One of the solutions is to apply curves (or exposure or brightness & contrast) adjustment layer and mask out some regions of the photo. Another solution, in case of tone mapped photos, is to blend tone mapped photo with original bracketed shots. However, in Photoshop CS there is one more adjustment which is a lot easier and faster to work with: Shadows/Highlights adjustment tool. It doesn’t work well always but sometimes it can save us a lot of time and work. I often use it as the first tool to restore some detail in shadows or highlights.
Ok, without further ado – to the example. Here is original photo. I couldn’t get it right in Photomatix Pro (it was taken a few years ago so my skills were lower than they are now) what resulted in a way too dark shadows and a bit too bright highlights.
- First open your photo in Photoshop and duplicate your background layer by pressing CTRL + J.
- With your new layer selected navigate to Image -> Adjustments -> Shadows/Highlights… Following window will appear. If you don’t see all the controls make sure “Show More Options” box at the bottom of the window is checked.
- First lets work on shadows. Make sure Highlights Amount is at 0% and then increase Shadows Amount to 100% to see the effect at full strength. Now it’s time to define shadows areas. To do this play with Tonal Width slider until only real shadows are affected (with default 50% a lot of mid-tones are affected as well). For this image I decided to use 7%. As you will see you might have a lot of halo artifacts at this stage. To get rid of them increase Radius a little bit what will smooth the effect. I chose 100 pixels for Radius. Finally decrease Amount (as you remember we used 100% only to see the effect well). I used 50% for this slider. Click Ok. As you can see we restored great amount of detail in shadows.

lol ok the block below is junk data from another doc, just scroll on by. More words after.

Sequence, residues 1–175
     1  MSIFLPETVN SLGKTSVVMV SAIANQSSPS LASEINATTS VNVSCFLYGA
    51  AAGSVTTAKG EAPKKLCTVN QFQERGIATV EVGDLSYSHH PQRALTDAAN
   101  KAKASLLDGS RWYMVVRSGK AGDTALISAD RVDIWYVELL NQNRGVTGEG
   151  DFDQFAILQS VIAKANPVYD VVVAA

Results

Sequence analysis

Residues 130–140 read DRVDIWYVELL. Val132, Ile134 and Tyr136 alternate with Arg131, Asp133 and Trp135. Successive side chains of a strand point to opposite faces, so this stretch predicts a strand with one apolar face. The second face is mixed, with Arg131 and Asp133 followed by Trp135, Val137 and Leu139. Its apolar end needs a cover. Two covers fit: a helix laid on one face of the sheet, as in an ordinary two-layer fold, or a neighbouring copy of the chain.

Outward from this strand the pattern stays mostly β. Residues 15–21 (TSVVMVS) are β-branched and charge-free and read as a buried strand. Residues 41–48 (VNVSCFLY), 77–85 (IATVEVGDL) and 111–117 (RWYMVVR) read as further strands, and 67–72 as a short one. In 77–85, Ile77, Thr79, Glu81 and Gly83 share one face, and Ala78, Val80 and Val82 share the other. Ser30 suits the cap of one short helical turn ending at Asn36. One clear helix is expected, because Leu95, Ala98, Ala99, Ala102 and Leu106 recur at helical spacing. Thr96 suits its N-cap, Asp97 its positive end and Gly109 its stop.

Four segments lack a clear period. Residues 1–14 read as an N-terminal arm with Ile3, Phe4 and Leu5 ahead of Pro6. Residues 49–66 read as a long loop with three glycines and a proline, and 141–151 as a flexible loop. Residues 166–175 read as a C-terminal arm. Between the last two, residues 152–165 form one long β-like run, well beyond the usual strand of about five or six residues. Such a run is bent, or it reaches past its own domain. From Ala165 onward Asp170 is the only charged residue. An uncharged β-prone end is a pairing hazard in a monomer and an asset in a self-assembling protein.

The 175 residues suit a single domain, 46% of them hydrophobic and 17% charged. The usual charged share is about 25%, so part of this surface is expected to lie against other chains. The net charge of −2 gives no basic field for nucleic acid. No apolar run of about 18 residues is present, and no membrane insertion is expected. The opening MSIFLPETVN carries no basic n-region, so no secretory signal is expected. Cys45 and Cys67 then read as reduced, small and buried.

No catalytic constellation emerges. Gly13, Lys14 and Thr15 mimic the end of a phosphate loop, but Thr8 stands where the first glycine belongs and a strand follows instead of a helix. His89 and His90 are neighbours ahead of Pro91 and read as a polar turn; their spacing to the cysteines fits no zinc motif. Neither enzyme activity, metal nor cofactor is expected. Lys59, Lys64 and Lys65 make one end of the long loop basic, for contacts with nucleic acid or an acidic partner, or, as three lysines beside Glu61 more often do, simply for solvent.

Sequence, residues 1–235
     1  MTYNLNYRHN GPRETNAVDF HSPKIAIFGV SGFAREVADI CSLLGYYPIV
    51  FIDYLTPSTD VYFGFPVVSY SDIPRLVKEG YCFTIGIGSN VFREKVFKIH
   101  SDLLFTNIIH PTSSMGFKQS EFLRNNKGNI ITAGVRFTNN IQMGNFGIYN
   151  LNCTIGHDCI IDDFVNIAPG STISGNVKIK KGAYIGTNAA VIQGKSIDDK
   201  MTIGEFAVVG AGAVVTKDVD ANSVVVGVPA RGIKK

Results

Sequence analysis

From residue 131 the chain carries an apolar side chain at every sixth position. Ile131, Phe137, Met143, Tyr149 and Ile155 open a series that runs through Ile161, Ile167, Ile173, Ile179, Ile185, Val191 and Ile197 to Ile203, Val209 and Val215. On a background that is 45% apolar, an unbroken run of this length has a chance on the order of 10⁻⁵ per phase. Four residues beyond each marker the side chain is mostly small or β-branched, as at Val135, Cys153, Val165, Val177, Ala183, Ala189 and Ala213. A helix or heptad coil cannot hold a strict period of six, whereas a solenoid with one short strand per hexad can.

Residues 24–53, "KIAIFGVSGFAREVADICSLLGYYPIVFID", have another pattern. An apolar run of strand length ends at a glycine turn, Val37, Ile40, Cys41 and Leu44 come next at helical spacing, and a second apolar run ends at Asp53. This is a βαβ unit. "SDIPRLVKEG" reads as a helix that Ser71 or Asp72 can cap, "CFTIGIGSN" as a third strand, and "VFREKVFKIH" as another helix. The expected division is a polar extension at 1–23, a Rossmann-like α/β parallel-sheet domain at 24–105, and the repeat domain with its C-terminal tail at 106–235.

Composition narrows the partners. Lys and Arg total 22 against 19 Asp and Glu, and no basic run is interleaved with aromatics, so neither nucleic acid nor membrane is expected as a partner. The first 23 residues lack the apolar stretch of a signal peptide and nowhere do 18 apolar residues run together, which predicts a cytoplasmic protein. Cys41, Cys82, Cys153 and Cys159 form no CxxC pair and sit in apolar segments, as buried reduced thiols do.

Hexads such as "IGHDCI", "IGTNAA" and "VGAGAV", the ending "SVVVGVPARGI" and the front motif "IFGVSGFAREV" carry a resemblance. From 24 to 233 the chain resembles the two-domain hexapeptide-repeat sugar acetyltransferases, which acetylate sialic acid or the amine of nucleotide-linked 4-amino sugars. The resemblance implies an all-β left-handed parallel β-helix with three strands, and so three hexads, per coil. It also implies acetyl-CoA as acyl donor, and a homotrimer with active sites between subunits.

- Now it’s time to restore highlights. Open Image -> Adjustments -> Shadows/Highlights… again and this time reduce Shadows Amount to 0% and increase Highlights Amount to 100%. Then play with Tonal Width slider. I used value of 3% for this photo and Radius of 150 pixels. Finally I reduced Highlights Amount to 40%. Here is final photo:
And here is before/after comparison:
As you can see in a few seconds we managed to restore most of the details in shadows and also some in highlights (particularly in the clouds which are now a bit better defined). The original photo was greatly underexposed, now it is not that bad. Of course further editing might be necessary as now the shadows might look a bit artificial. This tool is very easy and can greatly improve your working speed. Often using layer masks will still be necessary but not everyone is aware of this tool.